Be a Women's Historian: An 11th - 12th grade lesson plan
A primary source is a record of the past, such as a letter, object, or photograph, that is unmediated by a secondary source, such as a teacher or textbook. Olive Ruby Henty's scrapbook is an original record of the life of one American woman who attended Simmons College in the 1910s. Like a detective, you are free to examine the evidence of Henty's life for yourself and draw your own conclusions about her life, college, and times. In this lesson, students will learn to analyze and write about primary source documents and identify bias in a primary source.
- Interpret and analyze primary sources
- Write a historical essay based on primary sources
- Place an individual life in historical perspective
- Understand the role women played in the United States in the 1910s
- Identify bias in a primary source
One class period (plus additional time for writing at home)
Classroom Setup and Materials
- Computer/Projector (class could take place in library or computer lab, if available)
- Examine the scrapbook for evidence of Henty's days at Simmons College and make general observations about her interests and her life that you will use in a five-page paper.
- Incorporating at least three pieces of evidence for each general observation, write three pages about what college life was like for Olive Henty. For example, the presence of numerous theater playbills might tell you something about Henty's interests. Letters might reveal different aspects of life. Be sure to cover at least the following topics: dorm life, home life, social activities, and school-related activities. What does this scrapbook tell you about Henty?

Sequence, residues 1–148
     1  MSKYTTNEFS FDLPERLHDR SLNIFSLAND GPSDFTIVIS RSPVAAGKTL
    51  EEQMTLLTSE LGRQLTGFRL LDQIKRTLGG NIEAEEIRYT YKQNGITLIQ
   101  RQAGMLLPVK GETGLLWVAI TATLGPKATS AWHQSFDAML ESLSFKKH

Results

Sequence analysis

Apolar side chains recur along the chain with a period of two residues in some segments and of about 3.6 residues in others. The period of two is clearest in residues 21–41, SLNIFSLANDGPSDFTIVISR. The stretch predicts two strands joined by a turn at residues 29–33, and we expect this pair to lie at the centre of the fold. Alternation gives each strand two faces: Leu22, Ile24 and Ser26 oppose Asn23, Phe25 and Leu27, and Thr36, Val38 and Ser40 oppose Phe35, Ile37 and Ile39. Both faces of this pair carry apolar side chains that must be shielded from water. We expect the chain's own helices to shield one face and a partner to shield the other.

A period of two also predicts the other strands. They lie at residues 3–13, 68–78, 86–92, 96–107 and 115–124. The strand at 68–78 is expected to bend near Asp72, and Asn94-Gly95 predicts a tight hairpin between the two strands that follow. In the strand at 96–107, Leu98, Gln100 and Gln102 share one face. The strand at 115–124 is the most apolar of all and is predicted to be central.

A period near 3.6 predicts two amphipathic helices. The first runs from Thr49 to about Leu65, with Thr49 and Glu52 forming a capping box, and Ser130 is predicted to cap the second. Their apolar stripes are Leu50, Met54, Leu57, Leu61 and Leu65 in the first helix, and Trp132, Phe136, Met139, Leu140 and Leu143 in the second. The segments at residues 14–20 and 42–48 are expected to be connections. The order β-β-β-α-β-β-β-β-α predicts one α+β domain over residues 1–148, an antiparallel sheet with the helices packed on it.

- After you reconstruct Henty's life, consult the content section on the Home Economics Movement and make a list of the ways Henty's life relates to that movement. In your opinion, was her life shaped by that movement? What is your evidence? What would her life have been like had there been no such movement?
- For the fourth page of your paper, give at least two examples of how Henty's life was influenced by that movement and draw any general conclusions about women students at Simmons College in the early twentieth century. Be sure to back up your observations with evidence from the scrapbook
- In examining primary sources, it is also important to remember that any piece of evidence contains bias, or one particular perspective. Olive Ruby Henty was only one of many women graduates of Simmons College in 1915 and one of innumerable women citizens in the United States. Are there any ways in which you think Henty's life, as is evidenced from her scrapbook, might be atypical of the life of a Simmons College student at the time? (Try to think about what could be missing from her scrapbook.) How might Henty's life be different from that of other American women at the time in general? (Again, think about why Henty attended Simmons and what enabled her to do so.) What is your evidence for this thinking? Add these conclusions to the fifth page of your paper
- Also, be sure to draw final conclusions about Henty's life, how her life helps to illustrate the history of women in early twentieth-century America, and how Henty might have been typical or atypical for a woman of her time.
For further information on primary sources, please see the Library of Congress American Memory page on primary sources: http://lcweb2.loc.gov/learn/start/prim_sources.html.back to top